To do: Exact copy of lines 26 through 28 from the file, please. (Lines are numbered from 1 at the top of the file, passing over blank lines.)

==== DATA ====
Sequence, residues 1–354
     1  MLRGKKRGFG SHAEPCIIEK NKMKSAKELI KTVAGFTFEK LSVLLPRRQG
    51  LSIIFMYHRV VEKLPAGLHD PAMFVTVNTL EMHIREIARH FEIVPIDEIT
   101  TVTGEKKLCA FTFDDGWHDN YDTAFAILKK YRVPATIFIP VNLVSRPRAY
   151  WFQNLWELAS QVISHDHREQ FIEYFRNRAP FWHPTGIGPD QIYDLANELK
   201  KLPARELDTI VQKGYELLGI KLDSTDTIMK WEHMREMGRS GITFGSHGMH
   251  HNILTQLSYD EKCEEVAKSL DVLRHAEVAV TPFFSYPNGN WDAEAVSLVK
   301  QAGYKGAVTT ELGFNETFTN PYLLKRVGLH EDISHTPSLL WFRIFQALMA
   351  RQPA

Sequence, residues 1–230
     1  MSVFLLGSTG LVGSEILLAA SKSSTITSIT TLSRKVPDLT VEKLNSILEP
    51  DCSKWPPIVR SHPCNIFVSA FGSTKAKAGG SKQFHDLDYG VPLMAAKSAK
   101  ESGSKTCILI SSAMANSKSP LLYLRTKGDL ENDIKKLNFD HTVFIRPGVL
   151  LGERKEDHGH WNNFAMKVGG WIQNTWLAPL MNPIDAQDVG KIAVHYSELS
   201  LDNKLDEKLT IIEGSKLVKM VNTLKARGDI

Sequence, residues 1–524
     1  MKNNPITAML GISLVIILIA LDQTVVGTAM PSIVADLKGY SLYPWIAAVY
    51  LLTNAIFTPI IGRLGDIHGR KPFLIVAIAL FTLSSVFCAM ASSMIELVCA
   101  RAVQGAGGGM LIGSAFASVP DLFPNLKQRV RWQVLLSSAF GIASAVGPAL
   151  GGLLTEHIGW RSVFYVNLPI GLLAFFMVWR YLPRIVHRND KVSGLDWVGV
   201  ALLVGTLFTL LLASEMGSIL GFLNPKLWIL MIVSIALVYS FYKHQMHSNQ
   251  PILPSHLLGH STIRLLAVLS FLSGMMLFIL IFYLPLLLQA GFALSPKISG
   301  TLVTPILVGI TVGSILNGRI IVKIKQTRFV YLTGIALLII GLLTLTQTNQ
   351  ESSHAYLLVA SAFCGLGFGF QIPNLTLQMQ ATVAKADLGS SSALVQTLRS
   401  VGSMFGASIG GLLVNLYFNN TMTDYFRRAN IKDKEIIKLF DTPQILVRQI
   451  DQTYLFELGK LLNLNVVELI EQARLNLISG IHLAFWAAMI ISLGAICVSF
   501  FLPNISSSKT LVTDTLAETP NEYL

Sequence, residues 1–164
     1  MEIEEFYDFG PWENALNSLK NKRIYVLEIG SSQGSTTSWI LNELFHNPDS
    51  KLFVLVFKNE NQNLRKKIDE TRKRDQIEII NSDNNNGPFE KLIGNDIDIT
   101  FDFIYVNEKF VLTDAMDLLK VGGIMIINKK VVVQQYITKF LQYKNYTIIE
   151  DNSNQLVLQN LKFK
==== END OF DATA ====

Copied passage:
   451  DQTYLFELGK LLNLNVVELI EQARLNLISG IHLAFWAAMI ISLGAICVSF
   501  FLPNISSSKT LVTDTLAETP NEYL

Sequence, residues 1–164